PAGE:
"The essays, both philosophical and historical, demonstrate the continuing significance of a neglected aspect of Kant’s thought."—Religious Studies Review Challenging the traditional view that Kant's account of religion was peripheral to his thinking, these essays demonstrate the centrality of religion to Kant's critical philosophy. Contributors are Sharon Anderson-Gold, Leslie A. Mulholland, Anthony N. Perovich, Jr., Philip J. Rossi, Joseph Runzo, Denis Savage, Walter Sparn, Burkhard Tuschling, Nicholas P. Wolterstorff, and Allen W. Wood.
Kant uses the term reason’s "interest" to designate human efforts to represent "the absolute totality of conditions for any conditioned thing" and the "unconditioned ground" for such totality. in the "critique of judgment" ("91), he identifies three such representations-the highest good, god, and immortality-as the only ones which can be called "things of faith"; one other-freedom-is accorded the unique status of a "fact" of reason. an analysis of the function of these representations in the answer kant gives to the question (...) "what may i hope?" will provide essential features in justification of the following claim: kant has constructed an account of hope which accords it the status of a fundamental form of human rational activity-on a par with knowing and willing-when directed toward its appropriate objects: the highest good, god, and immortality. (shrink)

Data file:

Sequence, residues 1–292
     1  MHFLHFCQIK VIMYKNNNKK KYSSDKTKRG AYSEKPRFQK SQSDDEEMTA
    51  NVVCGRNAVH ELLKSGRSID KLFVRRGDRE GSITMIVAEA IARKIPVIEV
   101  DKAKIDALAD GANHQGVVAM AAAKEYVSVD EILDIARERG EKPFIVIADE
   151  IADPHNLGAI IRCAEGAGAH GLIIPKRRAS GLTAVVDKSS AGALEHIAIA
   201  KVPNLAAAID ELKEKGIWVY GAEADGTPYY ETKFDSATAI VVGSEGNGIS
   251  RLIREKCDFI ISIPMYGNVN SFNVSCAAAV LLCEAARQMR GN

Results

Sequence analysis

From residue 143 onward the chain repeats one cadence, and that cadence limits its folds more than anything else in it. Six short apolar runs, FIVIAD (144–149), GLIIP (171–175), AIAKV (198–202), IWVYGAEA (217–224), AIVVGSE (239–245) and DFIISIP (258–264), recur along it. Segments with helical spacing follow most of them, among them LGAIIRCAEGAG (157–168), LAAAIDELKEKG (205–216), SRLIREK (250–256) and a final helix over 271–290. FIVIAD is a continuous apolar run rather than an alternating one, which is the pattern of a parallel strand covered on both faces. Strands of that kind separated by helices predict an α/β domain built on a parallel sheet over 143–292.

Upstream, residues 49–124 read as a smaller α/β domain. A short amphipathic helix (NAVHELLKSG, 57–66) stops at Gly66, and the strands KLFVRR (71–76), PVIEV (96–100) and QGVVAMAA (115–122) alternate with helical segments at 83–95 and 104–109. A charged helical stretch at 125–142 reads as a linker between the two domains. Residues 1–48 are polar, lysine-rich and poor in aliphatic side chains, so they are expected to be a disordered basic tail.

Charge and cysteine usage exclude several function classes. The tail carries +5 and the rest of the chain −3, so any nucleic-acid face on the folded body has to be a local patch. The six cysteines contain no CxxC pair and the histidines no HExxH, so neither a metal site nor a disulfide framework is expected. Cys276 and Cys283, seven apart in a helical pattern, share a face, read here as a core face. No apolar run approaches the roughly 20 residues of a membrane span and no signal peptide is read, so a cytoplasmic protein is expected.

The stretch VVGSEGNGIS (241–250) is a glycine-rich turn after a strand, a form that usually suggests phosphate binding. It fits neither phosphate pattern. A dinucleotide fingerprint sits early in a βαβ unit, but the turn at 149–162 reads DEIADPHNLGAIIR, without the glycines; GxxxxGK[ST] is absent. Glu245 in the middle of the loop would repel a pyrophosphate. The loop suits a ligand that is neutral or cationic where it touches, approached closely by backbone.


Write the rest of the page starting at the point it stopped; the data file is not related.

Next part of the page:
Discussions about theological realism within analytic philosophy of religion, and the larger conversation between analytic and continental styles in philosophy of religion have generated relatively little interest among Catholic philosophers and theologians; conversely, the work of major figures in recent Catholic theology seems to evoke little interest from analytic philosophers of religion. Using the 1998 papal encyclical on faith and reason, Fides et ratio, as a major point of reference, this essay offers a preliminary account of the bases for such (...) seeming mutual indifference and offers some suggestions for future dialogue. (shrink)
Immanuel Kant’s critical philosophy pays little explicit attention to the concept of ‘wisdom’ in its taxonomy of the functions of human reason in its work of rendering intelligible the world and the human place in the world. On the basis of some crucial texts in Kant’s writings, this essay argues that wisdom has a role to play in the task Kant assigns to practical reason; this task is to make the world in which humans dwell intelligible morally, i.e., to make (...) sense of the world as locus in which good and evil take form in function of the exercise of human freedom. In such a world, the function of wisdom is ‘cosmopolitan’ in that it provides a horizon of a social hope that recognizes human solidarity, vulnerability, and otherness, as signal instances of the inclusive moral relationality necessary for sustaining both an ‘outer’ world order for peace and the ‘inner’ dynamic of full moral relationality that Kant terms ‘the ethical commonwealth’. (shrink)
Sixteen peer-reviewed essays that explore the work of God's grace in today's world. Major contributors include David Burrell (Notre Dame and Uganda Martyrs University) and Denis Edwards (Flinders University in Australia) on the role of God's grace in creation, and Ilia Delio on the Trinity (Georgetown University).